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 Obituary, Giya Alexandrovich Kancheli (1935-2019)

Giya KancheliThe Georgian composer Giya Kancheli has died at the age of 84 in his home city of Tbilisi. One of the most recognised and acclaimed classical voices from his home country, he belonged to a generation of Soviet-born composers who lived through, and were influenced by, the tumultuous dissolution of the USSR and independence of many of its constituent republics.

Kancheli’s earlier works explore a modernist, often dissonant style that led to friction with the cultural authorities of the time (though often seeming to retain more of an affection for consonant, melodic elements than some of his contemporaries, even in early works such as his wind quintet from the 1960s). Much of his music was composed for the cinema, often seen by adventurous Soviet composers as an area where censorship was less rigorously imposed and new ideas could be explored more freely; over five decades of film soundtracks, from drama to comedy to the offbeat science fiction adventure Kin-dza-dza, attest to his gift in matching music to screenplay time and again against a fast-changing cultural backdrop.

His later compositions increasingly embrace what might be called the New Tonality, with a stronger element of “traditional”, accessible harmony, though always coloured by his national heritage – after fleeing the chaos of post-independence Georgia in 1991, Kancheli came to express themes of exile and loss, both personal and national, in his music. Works such as Styx and With a Smile for Slava pay tribute to deceased fellow Soviet composers Avet Terterian and Alfred Schnittke, and giant of the cello Mstislav Rostropovich, while À la Duduki evokes the piercing reed sounds of the Caucasian duduk in a slow-burning but intense meditation on the tribulations of his homeland.

Kancheli was also a gifted miniaturist, writing small-scale gems for violin and piano as well as for piano solo and for voice; his Kviteli Potlebi (Yellow Leaves), an understatedly sentimental three-minute vocal piece, is surely one of his most widely-known and enduringly popular compositions, with a simplicity and directness that few can match.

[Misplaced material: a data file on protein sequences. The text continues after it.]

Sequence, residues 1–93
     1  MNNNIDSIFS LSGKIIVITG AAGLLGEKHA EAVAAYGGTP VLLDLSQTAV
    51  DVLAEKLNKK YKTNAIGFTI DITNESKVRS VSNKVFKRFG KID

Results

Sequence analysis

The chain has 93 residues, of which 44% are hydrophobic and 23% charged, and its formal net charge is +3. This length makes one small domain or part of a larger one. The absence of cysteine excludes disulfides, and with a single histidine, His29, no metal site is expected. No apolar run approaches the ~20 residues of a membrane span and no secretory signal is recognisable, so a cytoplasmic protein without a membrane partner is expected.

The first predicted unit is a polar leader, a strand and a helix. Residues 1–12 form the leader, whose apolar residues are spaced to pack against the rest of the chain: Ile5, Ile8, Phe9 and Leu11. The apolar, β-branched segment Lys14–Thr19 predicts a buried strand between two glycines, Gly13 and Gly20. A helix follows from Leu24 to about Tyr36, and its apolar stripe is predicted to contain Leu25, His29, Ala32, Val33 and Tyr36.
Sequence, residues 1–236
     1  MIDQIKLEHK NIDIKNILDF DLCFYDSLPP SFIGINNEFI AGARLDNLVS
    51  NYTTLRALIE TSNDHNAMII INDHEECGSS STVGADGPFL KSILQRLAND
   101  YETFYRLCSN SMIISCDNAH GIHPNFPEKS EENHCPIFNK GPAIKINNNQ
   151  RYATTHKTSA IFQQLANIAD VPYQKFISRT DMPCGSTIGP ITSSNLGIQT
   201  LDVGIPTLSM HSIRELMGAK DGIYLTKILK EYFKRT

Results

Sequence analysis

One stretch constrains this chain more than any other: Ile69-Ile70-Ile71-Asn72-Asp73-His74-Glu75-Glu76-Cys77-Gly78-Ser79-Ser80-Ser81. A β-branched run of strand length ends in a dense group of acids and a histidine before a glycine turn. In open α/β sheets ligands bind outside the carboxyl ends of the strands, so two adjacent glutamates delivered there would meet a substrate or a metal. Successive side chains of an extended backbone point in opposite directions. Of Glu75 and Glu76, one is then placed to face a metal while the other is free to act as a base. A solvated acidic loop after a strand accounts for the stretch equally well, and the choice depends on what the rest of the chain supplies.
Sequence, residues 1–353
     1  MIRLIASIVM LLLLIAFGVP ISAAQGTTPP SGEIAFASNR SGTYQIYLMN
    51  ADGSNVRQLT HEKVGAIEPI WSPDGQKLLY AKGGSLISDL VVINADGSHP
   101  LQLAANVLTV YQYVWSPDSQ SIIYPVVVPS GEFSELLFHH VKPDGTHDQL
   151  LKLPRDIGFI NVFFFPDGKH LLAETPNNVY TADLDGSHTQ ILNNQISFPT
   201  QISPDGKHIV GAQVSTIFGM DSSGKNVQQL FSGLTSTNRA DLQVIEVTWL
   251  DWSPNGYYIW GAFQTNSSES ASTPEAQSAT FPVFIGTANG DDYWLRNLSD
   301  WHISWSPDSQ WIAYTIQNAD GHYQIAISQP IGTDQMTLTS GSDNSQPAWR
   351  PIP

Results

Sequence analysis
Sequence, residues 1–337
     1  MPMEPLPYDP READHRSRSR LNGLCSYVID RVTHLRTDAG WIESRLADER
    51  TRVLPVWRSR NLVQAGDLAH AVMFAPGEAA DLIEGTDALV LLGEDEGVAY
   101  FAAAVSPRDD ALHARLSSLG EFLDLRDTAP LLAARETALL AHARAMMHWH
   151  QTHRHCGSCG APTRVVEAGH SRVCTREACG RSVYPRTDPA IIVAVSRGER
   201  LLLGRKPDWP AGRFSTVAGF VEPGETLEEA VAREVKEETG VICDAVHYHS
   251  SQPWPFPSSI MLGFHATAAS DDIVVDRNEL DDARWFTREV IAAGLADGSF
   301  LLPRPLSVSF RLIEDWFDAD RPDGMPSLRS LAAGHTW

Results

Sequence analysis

Gidon Kremer (violin/director), with Patricia Kopatchinskaja (violin), Kremerata Baltica

The ECM label have consistently championed Kancheli's music; here they present premiere recordings of two of his most significant works of the mid-2010s.

Available Formats: CD, MP3, FLAC, Hi-Res FLAC

Andrea Cortesi (violin), Marco Venturi (piano)

The more intimate side of Kancheli's musical personality is on display in the Eighteen Miniatures - though with more than half an eye on his background as a film composer.

Available Formats: CD, MP3, FLAC, Hi-Res FLAC

Lisa Batiashvili (violin), with Hélène Grimaud (piano), Symphonieorchester des Bayerischen Rundfunks, Esa-Pekka Salonen

Fellow Georgians such as violinist Lisa Batiashvili and pianist Khatia Buniatishvili have done much to advance awareness of Kancheli's music; the yearning V & V for violin and orchestra exemplifies his slow, spacious style.

Available Formats: CD, MP3, FLAC

Maxim Rysanov (viola) & Rihards Zalupe (percussion), Men of the State Choir Latvija, Liepaja Symphony Orchestra & Chorus 'Kamer…', Maris Sirmais

Uncharacteristically stern in style, yet with a profoundly personal vulnerability, Styx pays tribute to Avet Terterian and Alfred Schnittke; the pairing with Tavener's Byzantine lament highlights both the common ground and the differences between the two composers.

Available Formats: CD, MP3, FLAC

Vienna Radio Symphony Orchestra, Dennis Russell Davies

Georgia itself is, as so often in Kancheli, the focus of these two works, which powerfully evoke the dislocation of a composer forced to abandon his homeland and watch its struggles from afar.

Available Formats: CD, MP3, FLAC